Competency-Based Education Quality Principle #16: Advance Upon Demonstrated Mastery
This is the seventeenth article in a series based on the book Quality Principles for Competency-Based Education. You can find the section on Principle #16 Advance Upon Demonstrated Mastery on page 99. The links to the other articles can be found at the bottom of this page.
The mastery-based grading helps me understand what I need to learn or do differently. In the old way, when I got a number, I wouldn’t know what to do differently. With the learning targets, I can make better choices and revise things. — Student, Young Women’s Leadership Academy
Advancement upon demonstrated mastery is a multi-layered concept that challenges many of the conventions of traditional schools. Too often it is condensed into a concept of ‘self-pace’ that fails to capture the big idea. In fact, if you think that competency-based education is about self-pace, I recommend that you go back to the beginning of the book Quality Principles for Competency-Based Education and read why the traditional system is failing us and the ten distinguishing features of competency-based education.
Advancement upon demonstrated mastery is better thought of as a culminating capacity that is developed when all the other 15 quality principles are in place. Let’s take a look at the three major capacities that are needed to have students be able to advance upon mastery in a way that is designed so every student is successful.
Repairing Gaps: Students need to have the prerequisite knowledge to be able to succeed at the specific curricular level. This is usually going to be grade level, but in some cases, students are going to be achieving at levels above their age-based grade or, in some domain-specific and standards-specific situations or when students need very bite-size pieces as they develop their ability to engage in productive struggle, students may need to work at lower level levels. The major change is that schools and teachers take responsibility for helping students to repair gaps or strengthen fluency so that they may fully engage in the learning targets.
This is so important that I’m going to say it again. No matter when the gaps developed or no matter why students are not fluent in earlier foundational skills, teachers and schools are going to work with students and families to make sure those gaps are filled and students are fluent. Both are important so that students can apply their full working memory toward solving more complex problems. If they are struggling with skills they should have learned six years earlier, they are going to have a very difficult time mastering the current learning targets.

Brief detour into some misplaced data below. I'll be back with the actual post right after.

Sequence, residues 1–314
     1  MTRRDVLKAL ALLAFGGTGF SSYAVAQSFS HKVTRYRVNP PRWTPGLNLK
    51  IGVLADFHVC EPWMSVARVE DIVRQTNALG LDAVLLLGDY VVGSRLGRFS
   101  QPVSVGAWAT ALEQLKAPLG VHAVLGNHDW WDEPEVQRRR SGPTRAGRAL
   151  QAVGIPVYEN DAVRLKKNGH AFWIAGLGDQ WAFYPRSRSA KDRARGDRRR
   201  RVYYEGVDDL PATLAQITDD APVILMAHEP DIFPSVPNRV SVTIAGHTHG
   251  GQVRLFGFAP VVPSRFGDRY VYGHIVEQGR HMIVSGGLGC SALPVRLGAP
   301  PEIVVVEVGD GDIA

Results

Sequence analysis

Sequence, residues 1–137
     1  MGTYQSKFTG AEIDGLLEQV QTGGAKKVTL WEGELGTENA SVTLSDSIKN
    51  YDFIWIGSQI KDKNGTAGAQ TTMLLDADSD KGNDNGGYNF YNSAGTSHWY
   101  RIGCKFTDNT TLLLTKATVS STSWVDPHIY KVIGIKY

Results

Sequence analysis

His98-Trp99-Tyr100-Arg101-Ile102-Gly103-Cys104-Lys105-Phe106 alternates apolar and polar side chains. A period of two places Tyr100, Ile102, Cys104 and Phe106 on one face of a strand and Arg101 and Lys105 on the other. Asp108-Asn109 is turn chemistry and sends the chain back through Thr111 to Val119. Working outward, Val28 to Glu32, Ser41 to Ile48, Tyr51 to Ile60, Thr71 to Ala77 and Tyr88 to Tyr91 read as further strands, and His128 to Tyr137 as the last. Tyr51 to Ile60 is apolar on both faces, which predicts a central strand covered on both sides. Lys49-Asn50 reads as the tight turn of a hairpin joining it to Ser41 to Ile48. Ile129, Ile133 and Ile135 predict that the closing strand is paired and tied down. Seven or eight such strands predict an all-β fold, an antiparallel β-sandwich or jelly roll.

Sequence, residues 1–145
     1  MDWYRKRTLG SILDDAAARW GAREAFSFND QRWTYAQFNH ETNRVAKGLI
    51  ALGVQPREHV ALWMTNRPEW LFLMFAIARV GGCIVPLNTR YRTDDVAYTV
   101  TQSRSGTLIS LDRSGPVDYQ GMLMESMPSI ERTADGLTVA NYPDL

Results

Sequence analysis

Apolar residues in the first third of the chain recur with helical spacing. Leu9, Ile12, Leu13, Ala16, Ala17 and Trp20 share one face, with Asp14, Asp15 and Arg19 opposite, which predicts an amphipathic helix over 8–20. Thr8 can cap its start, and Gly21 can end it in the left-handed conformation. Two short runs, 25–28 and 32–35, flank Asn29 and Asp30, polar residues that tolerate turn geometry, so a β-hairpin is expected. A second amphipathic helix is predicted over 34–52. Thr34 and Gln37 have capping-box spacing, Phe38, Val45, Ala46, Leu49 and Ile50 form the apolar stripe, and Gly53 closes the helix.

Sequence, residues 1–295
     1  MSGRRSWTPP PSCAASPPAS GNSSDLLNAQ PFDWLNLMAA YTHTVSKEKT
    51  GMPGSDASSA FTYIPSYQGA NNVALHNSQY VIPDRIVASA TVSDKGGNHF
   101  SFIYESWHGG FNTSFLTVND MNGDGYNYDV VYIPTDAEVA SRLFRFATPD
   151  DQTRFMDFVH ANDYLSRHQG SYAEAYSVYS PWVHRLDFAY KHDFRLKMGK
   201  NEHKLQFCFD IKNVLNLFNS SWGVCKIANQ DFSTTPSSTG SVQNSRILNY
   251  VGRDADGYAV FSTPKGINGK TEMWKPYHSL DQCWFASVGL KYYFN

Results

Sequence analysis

Schools do this by knowing where students are in their learning by maintaining standards-based records that make it clear to teachers where students need help, where they are making progress, and what they will be working on next. This allows them to think about ways to help repair gaps and build fluency through scaffolding and creating more opportunities to practice. Schools do this by creating opportunities for team-teaching so that teachers have more flexibility and can tap into their collaborative knowledge to help students. Schools do this by creating schedules and calendars that allow students to access additional instructional support (and time) on a daily basis and throughout the school year.
Demonstrating Mastery: Our traditional system has used a system that allows students to pass or to be passed on with as low as a D grade or better. Do we really believe that students have the knowledge and skills to be successful with a D or even a C? What does that mean for the teacher who receives those students? What does it mean for a student who has accumulated gaps over nine years of schools as they enter high school?